Idaho Education Association’s Champion of Education award recognizes those who make special and unique contributions to the cause of public education through their work over an extended period of time, but particularly within the last year.


Representative Julie Yamamoto

Nominated by: Alicia Purdy

House Education Committee Chairwoman Julie Yamamoto (R-Caldwell) delivers a rousing pro-public education speech to IEA members at Lobby Day Dinner during IEA’s Lobby Day 2023. She is the 2023 recipient of IEA’s Champion of Education Award.


Idaho Rep. Julie Yamamoto of Caldwell is among public education’s staunchest advocates in the Idaho Legislature.

In her role as chairwoman of the House Education Committee, Rep. Yamamoto’s long career as educator guides her leadership in creating education policy that impacts every public school classroom, every educator and every student in the state. An strong ally of Idaho Education Association members, she believes public education is a public good and advocates for educators by working to give them the tools and resources they need do their job. She adamantly opposes policies she believes will hurt students and public schools, like vouchers.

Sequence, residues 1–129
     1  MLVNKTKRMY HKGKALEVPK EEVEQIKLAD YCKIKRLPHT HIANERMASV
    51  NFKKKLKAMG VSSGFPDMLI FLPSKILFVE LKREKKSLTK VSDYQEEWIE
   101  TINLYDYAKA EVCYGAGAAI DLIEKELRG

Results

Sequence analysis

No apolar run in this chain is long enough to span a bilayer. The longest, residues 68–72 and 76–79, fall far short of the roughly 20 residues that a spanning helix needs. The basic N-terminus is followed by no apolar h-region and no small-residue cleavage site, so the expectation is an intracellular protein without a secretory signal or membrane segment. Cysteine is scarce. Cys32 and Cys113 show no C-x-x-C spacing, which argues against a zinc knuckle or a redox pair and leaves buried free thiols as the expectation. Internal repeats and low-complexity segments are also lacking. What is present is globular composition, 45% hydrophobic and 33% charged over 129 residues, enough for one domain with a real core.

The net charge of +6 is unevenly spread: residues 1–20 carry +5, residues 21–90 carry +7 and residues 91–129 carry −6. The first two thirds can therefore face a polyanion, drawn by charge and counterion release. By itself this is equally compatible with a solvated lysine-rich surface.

Chairwoman Yamamoto “has opened her office to educators and actively listens to our concerns. Julie does what she believes is in the best interest of all patrons, catering to no single influence,” wrote Vallivue Education Association President Alicia Purdy in her nomination of Yamamoto for IEA’s Champion of Education Award.

Chairwoman Yamamoto was easily re-elected to a second House term in November by more than 70 percent of the voters in her Caldwell-area district in her native Canyon County. She’s served on the House Education Committee since first being elected in 2020 and she has a reputation as a straight-shooting collaborator among policymakers. She takes pride in building consensus around education issues.

She graduated from Vallivue High School, earned her bachelor’s degree in elementary education and her master’s degree in educational leadership from the College of Idaho. Her doctorate in Education comes from the University of Idaho.

She knew from an early age that she would be a teacher and she greatly enjoyed teaching first and seventh grade before becoming a school administrator.

She was the planning principal and first principal at the new Caldwell High School and Vallivue’s Ridgevue High School. She also assisted with the building of Thomas Jefferson Charter School in Caldwell, served as its first administrator and now serves on its board.

In a news article about her ascension as chairwoman of the Education Committee, she said: “I choose to believe that we can find common ground if we truly say that we want what is best for the children of Idaho and for Idahoans.”

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